In the historical remembrance poem, Death of Marilyn Monroe, by Sharon Olds is the recounting of the day Marilyn Monroe was pronounced dead and the reactions of the ambulance men who were forced to carry her cold body away forever. Although no initial evident rhyme scheme is found in the poem, there is significance and symbolism flowing through each line.
The opening is the most descriptive and realistic section of the entire poem. It describes Marilyn as completely lifeless, and cold. Not the warm and sweet Monroe that the public and media know but a woman that lies there helplessly. “…tried to close the mouth, closed the eyes, tied the arms to the sides, moved a caught strand of hair, as if it mattered,” this quote sets the melancholy and hopeless tone for the rest of the poem.
Olds introduces the ambulance men into the poem by continuing to describe the horrifying scene of the dead Marilyn Monroe. The detail that is provided allows the reader to truly understand the scars and issues the men will experience later down the road because of this single incident. It describes Monroe’s body as being “heavy as iron” and the line, “the shape of her breasts, flattened by gravity” would be symbolic of the body being found face down, on her stomach.
The next line of the poem is my favorite because it reminds me of a scene in a movie. Imagine a crime scene taking place and as they are lifting the body onto the stretcher the screen suddenly, in the same frame, the screen blinks to flashbacks of this person’s life. It goes back and forth between the glorious, lively past and the terrifying, truthful present. The line reads like this, “under the sheet carried her (ambulance men), as if it were she, down the steps.” This line symbolizes Marilyn Monroe’s grace, beauty, and liveliness during her lifetime. I can imagine the men feeling very vulnerable and fragile as they carry the dead body of America’s sex symbol and showgirl. The caution they must carry the body with and the elegance they must possess within themselves as they descend the stairs, as if Marilyn was walking right beside them, holding her own.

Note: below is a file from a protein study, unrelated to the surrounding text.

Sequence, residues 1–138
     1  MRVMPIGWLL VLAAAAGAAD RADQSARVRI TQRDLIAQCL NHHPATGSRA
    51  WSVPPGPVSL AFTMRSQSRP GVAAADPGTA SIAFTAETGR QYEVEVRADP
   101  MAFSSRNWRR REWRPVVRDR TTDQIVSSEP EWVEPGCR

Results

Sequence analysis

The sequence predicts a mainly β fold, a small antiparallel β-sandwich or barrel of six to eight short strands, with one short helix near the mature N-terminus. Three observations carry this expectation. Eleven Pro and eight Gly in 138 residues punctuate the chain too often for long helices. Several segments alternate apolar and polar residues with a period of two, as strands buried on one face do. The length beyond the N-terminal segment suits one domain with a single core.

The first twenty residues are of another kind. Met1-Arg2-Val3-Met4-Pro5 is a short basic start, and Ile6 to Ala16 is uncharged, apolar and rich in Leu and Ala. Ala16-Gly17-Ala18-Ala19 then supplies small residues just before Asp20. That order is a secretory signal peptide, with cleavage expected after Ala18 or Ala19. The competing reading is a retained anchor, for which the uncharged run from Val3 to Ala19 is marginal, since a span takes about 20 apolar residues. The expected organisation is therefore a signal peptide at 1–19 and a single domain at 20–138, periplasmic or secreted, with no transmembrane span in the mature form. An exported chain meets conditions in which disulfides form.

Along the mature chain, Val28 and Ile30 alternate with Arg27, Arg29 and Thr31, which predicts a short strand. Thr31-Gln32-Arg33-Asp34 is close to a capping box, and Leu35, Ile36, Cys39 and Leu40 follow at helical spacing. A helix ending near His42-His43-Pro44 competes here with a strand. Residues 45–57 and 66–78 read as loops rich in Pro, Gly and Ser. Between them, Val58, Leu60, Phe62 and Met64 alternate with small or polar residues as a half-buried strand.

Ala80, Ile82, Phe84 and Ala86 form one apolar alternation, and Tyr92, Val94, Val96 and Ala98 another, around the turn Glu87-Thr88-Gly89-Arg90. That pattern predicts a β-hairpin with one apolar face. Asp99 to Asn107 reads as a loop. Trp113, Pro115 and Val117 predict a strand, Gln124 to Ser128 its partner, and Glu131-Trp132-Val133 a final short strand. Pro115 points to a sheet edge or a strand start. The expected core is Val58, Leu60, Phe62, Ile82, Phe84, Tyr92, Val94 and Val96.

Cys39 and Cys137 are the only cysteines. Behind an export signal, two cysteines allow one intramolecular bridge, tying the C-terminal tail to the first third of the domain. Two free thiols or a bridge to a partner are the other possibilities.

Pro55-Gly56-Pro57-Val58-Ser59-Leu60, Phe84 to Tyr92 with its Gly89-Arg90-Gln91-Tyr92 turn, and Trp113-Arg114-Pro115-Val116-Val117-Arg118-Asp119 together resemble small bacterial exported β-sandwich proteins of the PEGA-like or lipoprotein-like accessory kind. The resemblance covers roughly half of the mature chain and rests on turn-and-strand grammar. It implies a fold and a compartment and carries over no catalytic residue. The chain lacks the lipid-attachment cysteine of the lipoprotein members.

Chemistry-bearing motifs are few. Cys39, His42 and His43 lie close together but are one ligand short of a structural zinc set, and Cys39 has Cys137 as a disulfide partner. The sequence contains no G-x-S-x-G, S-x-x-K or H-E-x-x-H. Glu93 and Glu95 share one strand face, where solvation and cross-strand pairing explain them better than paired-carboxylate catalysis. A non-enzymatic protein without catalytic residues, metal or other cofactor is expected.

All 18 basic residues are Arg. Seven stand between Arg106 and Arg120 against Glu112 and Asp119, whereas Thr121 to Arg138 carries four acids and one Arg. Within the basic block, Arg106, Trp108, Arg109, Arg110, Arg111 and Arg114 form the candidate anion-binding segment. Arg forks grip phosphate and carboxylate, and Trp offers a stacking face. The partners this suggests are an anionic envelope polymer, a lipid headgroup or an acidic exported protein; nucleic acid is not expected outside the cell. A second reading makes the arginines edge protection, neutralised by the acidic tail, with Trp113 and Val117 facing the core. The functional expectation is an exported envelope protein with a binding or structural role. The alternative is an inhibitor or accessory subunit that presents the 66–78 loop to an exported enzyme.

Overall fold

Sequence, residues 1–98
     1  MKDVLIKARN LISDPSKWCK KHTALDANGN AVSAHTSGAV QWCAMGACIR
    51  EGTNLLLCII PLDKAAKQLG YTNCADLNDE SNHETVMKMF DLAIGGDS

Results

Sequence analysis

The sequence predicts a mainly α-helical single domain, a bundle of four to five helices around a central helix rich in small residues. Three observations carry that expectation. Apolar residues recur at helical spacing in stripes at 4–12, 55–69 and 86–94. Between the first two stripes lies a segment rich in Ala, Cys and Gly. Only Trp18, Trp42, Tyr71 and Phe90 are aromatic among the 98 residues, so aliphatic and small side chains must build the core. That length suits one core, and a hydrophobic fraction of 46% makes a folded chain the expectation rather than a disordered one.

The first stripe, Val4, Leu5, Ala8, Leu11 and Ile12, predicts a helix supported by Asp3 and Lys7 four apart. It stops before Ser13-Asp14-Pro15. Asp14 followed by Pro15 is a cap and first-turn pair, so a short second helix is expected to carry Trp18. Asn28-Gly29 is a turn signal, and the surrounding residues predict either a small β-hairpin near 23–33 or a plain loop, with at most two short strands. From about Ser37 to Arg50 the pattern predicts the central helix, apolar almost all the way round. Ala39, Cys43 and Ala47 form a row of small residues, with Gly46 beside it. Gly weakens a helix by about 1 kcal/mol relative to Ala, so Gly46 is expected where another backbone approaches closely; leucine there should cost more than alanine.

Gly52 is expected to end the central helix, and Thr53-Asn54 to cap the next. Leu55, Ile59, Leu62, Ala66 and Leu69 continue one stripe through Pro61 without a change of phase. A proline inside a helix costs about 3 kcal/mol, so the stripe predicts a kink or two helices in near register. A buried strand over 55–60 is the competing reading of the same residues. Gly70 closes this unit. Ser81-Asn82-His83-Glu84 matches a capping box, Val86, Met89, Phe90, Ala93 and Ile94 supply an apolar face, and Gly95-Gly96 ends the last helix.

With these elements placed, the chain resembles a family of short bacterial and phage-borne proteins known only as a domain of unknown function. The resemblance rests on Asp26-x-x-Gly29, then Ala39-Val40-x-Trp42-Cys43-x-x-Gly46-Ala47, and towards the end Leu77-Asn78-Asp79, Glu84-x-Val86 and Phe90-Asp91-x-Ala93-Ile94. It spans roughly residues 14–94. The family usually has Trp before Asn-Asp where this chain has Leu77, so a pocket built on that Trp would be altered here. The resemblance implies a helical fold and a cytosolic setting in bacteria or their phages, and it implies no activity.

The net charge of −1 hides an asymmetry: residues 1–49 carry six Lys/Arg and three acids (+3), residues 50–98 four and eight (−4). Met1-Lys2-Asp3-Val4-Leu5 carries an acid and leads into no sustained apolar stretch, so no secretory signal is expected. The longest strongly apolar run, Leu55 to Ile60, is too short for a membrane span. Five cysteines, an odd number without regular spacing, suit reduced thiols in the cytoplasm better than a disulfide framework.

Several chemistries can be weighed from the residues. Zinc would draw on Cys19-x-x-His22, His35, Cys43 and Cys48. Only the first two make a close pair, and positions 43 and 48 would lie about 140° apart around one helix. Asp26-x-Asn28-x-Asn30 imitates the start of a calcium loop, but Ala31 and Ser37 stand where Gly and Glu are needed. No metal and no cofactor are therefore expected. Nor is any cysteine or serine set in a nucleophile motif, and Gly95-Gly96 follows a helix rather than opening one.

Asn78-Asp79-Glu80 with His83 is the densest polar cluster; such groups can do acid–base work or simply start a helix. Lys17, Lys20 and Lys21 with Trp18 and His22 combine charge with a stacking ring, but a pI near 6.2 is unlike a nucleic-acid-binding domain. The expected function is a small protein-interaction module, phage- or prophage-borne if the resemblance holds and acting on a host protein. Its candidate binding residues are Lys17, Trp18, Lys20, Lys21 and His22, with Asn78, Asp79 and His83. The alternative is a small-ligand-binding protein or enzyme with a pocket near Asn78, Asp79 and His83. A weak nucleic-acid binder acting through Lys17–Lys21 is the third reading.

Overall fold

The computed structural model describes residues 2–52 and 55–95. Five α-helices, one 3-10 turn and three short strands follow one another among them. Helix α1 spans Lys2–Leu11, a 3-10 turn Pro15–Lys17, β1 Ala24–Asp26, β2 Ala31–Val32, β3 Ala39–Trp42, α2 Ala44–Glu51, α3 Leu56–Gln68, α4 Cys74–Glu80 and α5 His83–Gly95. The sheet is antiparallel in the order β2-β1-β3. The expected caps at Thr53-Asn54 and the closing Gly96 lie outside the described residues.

The best part about the poem is the depiction of the aftermath the ambulance men experienced following the death of the lovely Monroe. If it weren’t for the title of the poem, the reader may have never known that the poem was referring to Marilyn Monroe’s death. Although it does give a brief of the death scene, the poems main focus is on the men not the woman. The woman is dead and lifeless in a literal sense but the men have the life sucked out of them figuratively. The next line begins with “these men were never the same” and then elaborates on each man’s struggle following the death scene. It is their job to recover and move on with their lives, so why couldn’t they?
“One did not like his work, his wife looked different, his kids. Even death seemed different to him – a place where she would be waiting…” Let’s focus in on the idea of death and how it can possible seem different to this particular ambulance man. Oxford English Dictionary first defines death as “the act or fact of dying; the end of life.” Next the dictionary defines death as “the final cessation of the vital functions of an animal, plant, or individual.” Now how could a definition that seems so simple be so hard to grasp? How could “the end of life” even begin to be viewed as differently than what it is? Let’s put it in today’s terms for analysis’s sake. Let’s take September 11th for example: if you lived in New York and heard of this terrible tragedy, then you walked outside of your apartment and saw the twin towers falling, would that not have an effect on you? Or maybe you were a firefighter on call that day, or a radio tower operator, would your life not be changed? It is the significance of the event that changes a person’s perspective, it is the real life experience that changes their attitude, and it is the “life flashing before your eyes” experience that makes you take a step back and look at life situations differently. These men had no idea what they were about to see, but the toll it took on them was an emotion they would never forget, an emotion evoked from the reader that makes this poem memorable.
The most effective part of the poem would be the elaboration provided throughout. The author makes sure that the reader fully grasps the horrific crime scene so that as the poem continues on, the reader will be emotionally drawn in. Olds does a great job at tapping into the reader’s pathos and making sure that it sets the mood for the entire poem.